Thursday, March 20, 2014

ICE watch for Italian pilots

Just had the incredible luck to buy one of the most amazing and cool looking watches on the planet. Is so rare that I still can't understand why the entire Heuer community let this one slip away. There had to be a catch, bad movement, non original parts, hands falling off,... No my friends, just some scratches on the crystal and the case. But who cares? This is a military watch, used by Italian fighter pilots! Not that these pilots have seen a lot of real battle action but still. My father was a fighter pilot for the Belgian airforce, so I know what that means. In these days pilots were really flying, not in those fake simulators but in really dangerous fighter aircrafts. Not 3 or 4 hours every week in super advanced fighters but every day in killing devices like the F104 Starfighter. People who know that aircraft know what flying it meant. For others imagine a long rocket with tiny wings on the side. A motor problem caused an immediate danger for the pilot since there was only one motor. On top of that the little wings made gliding nearly impossible. Motorengine failure meant jumping if you had the time and the luck on your side.  My father went to a lot of funerals in his life, lost many of his close friends but survived that black period only thanks to his aversion to risk taking and him being an incredible perfectionist. He would not take an aircraft into the air without being absolutely sure it was technically ok. There is this story about him visiting my brothers' scouting camp not with the car but with his aircraft, overflying the camping site so close to the ground everybody ran for cover. The story passed from generation to generation and survived the test of time. I have seen people swearing this story is true. My father always denied he was there and that only fools do things like that.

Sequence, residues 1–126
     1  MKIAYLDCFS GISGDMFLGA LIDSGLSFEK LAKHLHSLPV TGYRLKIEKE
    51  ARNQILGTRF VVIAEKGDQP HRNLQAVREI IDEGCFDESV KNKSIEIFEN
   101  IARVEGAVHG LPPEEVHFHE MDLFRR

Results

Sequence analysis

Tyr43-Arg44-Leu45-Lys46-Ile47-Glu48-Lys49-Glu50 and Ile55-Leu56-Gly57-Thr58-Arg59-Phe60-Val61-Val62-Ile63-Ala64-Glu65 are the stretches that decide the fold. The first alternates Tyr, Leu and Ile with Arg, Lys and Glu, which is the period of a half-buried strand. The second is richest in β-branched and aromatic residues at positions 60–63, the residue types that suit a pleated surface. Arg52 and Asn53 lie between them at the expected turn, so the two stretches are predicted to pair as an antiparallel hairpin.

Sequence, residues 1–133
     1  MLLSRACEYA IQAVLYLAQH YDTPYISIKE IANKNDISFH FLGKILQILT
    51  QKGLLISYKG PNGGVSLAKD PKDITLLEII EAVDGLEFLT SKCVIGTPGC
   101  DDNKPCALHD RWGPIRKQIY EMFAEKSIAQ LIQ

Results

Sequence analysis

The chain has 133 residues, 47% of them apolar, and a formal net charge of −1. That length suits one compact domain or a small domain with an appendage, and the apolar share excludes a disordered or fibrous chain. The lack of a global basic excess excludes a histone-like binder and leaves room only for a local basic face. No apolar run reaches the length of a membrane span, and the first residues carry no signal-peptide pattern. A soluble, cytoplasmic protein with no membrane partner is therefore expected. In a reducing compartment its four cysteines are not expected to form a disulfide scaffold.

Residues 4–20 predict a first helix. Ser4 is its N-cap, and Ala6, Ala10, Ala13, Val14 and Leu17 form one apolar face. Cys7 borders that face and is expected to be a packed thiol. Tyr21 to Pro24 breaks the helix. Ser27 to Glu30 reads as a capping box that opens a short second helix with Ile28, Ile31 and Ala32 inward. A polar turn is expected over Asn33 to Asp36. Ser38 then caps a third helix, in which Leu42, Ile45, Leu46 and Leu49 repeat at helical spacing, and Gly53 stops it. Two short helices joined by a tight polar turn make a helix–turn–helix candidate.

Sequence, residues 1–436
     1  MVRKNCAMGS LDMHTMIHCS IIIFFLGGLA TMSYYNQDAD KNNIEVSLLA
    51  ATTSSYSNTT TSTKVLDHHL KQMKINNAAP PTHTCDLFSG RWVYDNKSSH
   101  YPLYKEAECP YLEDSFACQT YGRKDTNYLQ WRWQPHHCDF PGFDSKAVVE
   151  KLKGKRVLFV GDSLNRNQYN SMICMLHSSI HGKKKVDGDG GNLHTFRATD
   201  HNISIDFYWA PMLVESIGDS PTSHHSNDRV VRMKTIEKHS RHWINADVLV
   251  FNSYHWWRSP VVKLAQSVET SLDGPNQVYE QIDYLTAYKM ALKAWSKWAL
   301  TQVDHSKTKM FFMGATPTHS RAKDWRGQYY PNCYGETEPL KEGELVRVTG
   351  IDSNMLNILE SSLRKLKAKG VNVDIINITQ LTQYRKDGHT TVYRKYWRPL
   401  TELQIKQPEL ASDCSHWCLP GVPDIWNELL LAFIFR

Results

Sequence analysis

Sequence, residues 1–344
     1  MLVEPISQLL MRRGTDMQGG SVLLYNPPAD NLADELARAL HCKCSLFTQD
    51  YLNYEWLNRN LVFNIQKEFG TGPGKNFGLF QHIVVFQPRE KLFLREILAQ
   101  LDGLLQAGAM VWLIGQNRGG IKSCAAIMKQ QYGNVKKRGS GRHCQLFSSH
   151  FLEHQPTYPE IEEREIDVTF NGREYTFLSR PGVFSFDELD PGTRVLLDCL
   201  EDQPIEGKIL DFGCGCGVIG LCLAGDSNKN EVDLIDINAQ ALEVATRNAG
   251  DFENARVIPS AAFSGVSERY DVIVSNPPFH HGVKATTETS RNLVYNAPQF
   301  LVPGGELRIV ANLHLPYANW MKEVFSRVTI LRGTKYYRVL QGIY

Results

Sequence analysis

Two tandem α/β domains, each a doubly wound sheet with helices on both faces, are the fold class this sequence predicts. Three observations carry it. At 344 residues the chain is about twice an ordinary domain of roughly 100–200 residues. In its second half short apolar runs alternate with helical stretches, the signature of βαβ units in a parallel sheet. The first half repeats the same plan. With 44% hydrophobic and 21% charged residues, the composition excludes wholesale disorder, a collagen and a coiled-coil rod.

But back to that watch, it's an Heuer lemania 510.543 it A.M.I. by the way, but I'll tell you more about that later. I just told that pilot story to give you an image of the life those guys had in those days. From that point of view it can be compared to the racing drivers of that time. Risking your life was in a way part of the game. Safety back then was not what is is today. Watches did not have to be fancy and were no status symbol. They were instruments for racers, pilots, engeneers and other professionals. They had to work and be reliable. And in that way they were treated, not the way luxurious watches are treated these days. So my watch having some scratches adds to the history and its value. Without the scratches one could question the fact it was really used by an Italian fighter pilot as daily working device.

Picture of my dad next to his F104 Starfighter:

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